Monday, March 31, 2008

PROXY for PEAR channel

I recently submitted a bug report on PEAR regarding a long standing issue with the PEAR installer tool: there is no support for HTTP 302 (redirect). This condition effectively limits the hosting possibilities of PEAR channels e.g. a PEAR channel can not be accessible through a DNS cname aliases.


Suppose I have hosted a PEAR REST channel on Google Project @ and now I would like to make this channel friendly through a nicer URL like " ".
(note that the above is just an example: the channel on which I used the method described below in not yet publicly available)


The solution involves setting up a PROXY. This time around I have managed the feat with Apache using proxy_module '' : in my vhost configuration, I have added:



DocumentRoot /var/www/vhosts/

#NOTE: not strictly required for the PROXY functionality
SetOutputFilter DEFLATE

ProxyRequests Off
ProxyPass /
ProxyPassReverse /


Friday, March 28, 2008

1000's of Free Icons

I have amassed a reasonable collection of free icons. The collection is stored on Flickr and available here.

Wednesday, March 26, 2008

Zend PHP opcode disassembler

I have found a disassembler for Zend's PHP Opcode: Xcache (PHP opcode cacher) contains a PHP script which provides opcode disassembly services.

APC 3.0.17 and PHP 5.2.4

It would appear that APC 3.0.17 breaks down with PHP 5.2.4, that's at least my conclusion from upgrading my website's MediaWiki v1.11.0 installation.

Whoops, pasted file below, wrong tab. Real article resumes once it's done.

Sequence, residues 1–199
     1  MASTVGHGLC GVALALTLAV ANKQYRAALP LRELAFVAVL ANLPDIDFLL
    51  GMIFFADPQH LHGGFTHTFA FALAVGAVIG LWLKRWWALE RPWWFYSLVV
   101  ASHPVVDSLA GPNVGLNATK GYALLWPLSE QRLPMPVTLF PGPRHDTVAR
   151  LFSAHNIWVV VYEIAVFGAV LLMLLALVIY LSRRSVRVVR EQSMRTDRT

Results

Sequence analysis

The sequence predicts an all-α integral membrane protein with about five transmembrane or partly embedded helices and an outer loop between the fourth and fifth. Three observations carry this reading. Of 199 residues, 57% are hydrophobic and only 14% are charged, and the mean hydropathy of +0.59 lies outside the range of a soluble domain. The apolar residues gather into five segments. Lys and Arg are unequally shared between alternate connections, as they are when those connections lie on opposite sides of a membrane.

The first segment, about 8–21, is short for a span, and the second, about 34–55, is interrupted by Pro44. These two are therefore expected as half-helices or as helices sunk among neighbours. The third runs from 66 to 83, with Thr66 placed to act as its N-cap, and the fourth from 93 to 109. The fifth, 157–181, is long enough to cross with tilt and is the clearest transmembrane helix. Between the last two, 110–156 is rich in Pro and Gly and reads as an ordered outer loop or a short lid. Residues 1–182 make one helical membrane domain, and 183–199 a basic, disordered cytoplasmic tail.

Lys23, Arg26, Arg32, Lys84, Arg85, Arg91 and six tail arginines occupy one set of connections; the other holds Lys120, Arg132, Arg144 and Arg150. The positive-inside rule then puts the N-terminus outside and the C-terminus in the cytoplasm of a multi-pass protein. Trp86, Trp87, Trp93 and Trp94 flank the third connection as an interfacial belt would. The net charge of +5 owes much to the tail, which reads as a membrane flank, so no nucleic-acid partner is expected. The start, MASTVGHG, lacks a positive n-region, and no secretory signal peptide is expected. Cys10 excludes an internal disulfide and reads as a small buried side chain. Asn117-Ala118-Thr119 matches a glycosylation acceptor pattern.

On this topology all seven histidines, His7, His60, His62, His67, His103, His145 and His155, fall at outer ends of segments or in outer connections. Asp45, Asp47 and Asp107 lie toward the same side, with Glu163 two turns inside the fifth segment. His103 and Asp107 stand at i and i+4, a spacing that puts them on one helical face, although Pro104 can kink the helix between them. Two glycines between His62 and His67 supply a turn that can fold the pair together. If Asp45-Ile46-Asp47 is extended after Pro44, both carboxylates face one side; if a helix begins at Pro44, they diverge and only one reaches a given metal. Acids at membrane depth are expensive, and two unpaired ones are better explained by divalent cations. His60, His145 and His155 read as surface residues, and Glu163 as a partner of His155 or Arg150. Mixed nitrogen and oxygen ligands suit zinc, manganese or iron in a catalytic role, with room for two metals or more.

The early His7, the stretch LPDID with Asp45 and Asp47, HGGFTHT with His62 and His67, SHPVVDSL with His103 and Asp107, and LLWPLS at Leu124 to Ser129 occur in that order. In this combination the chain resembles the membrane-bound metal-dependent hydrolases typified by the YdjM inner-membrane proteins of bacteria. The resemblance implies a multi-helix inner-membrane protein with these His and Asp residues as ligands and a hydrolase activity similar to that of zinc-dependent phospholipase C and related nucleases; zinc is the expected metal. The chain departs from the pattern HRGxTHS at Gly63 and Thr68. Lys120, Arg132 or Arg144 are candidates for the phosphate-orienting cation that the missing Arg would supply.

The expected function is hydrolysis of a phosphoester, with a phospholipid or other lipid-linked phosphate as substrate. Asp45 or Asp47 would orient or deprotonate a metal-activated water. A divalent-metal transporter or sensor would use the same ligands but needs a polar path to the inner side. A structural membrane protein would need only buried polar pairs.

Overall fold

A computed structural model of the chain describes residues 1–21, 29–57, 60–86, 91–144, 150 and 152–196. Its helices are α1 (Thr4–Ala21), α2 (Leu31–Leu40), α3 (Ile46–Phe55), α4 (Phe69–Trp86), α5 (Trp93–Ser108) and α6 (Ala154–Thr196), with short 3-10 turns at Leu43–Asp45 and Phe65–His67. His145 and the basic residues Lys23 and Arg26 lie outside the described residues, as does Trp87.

Tuesday, March 25, 2008

PEAR Web Installer

Here is a quick tutorial on how to install PEAR's WEB Frontend installer.

1) Shell command: pear install PEAR_Frontend_WEB
2) Create file pear.php in the desired web directory with the following content:

I suggest putting this file in a separate folder with proper web server access permissions (i.e. htaccess, htpasswd etc.)
3) Adjust directory permissions for the PEAR system folders download and temp (on my LINUX system, these are located in /tmp/pear)
4) Adjust directory permissions for the PEAR classes folder (on my LINUX system, these are located in /usr/share/pear)

Thursday, March 13, 2008

PEAR channels updated automatically

A marvelous new tool is available to the general public since yesterday: SproutBuilder. I decided to give it a try:

Above is a sprout automatically updated of all the PHP PEAR channels I know. The list is composed of entries I add to my links with the tag pear-channel. Then this list is processed through a YAHOO! Pipe and finally embedded in the ''sprout''.

Wednesday, March 12, 2008

FeedBurner Awareness Data as RSS feed

I grew tired of logging on my FeedBurner account page to get my statistics data so I devised a Yahoo! Pipe to automate things. The Pipe can be used on any publicly accessible FeedBurner feed: here.